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Tag: Nebraska Felon Voting

Nebraska Makes a Second Try at Post-Sentence Felony Re-enfranchisement

By: George Townsend

When the Nebraska legislature meets in January 2020 one of the bills up for consideration will be LB 83, which would restore the right to vote to citizens convicted of felonies once they have completed their sentence and parole.

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Take a Note from Nebraska

By: Eleyse D’Andrea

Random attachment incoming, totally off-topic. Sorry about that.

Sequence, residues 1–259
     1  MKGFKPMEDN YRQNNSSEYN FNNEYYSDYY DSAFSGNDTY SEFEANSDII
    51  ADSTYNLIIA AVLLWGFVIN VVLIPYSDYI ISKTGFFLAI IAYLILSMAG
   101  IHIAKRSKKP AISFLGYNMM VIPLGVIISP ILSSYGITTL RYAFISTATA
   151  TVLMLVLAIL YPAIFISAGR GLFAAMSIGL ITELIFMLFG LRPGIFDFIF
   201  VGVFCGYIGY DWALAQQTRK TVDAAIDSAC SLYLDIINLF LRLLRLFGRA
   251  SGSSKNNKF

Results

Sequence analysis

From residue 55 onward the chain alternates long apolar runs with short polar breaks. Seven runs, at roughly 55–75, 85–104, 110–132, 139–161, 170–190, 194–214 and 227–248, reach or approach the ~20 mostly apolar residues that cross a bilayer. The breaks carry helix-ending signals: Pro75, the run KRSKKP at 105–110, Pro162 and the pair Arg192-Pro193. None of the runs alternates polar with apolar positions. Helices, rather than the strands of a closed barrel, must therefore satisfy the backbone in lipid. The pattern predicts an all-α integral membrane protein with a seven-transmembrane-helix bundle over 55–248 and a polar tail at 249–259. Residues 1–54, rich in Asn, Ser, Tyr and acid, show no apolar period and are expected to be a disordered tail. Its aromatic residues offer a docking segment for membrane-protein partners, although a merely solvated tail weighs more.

Criminals have been stripped of their rights – including the right to vote – throughout history.  The revocation of voting rights, known as disenfranchisement, can be traced as far back as ancient Greek and Roman civilization. European colonists carried the concept of disenfranchisement to America, and it has prevailed in modern times despite various challenges.  The U.S. Supreme Court ruled that the disenfranchisement of convicted felons does not violate the Equal Protection Clause of the Constitution in 1974, and several years later found that a disenfranchisement law is unconstitutional only with evidence of purposeful racial discrimination. This decision gave states like Nebraska the right to permanently disenfranchise convicted criminals. Although Nebraska originally had one of the harshest disenfranchisement laws – a lifetime ban for ex-felons – a bill passed in 2005 provides automatic restoration of voting rights to felons two years after completion of felony sentence.

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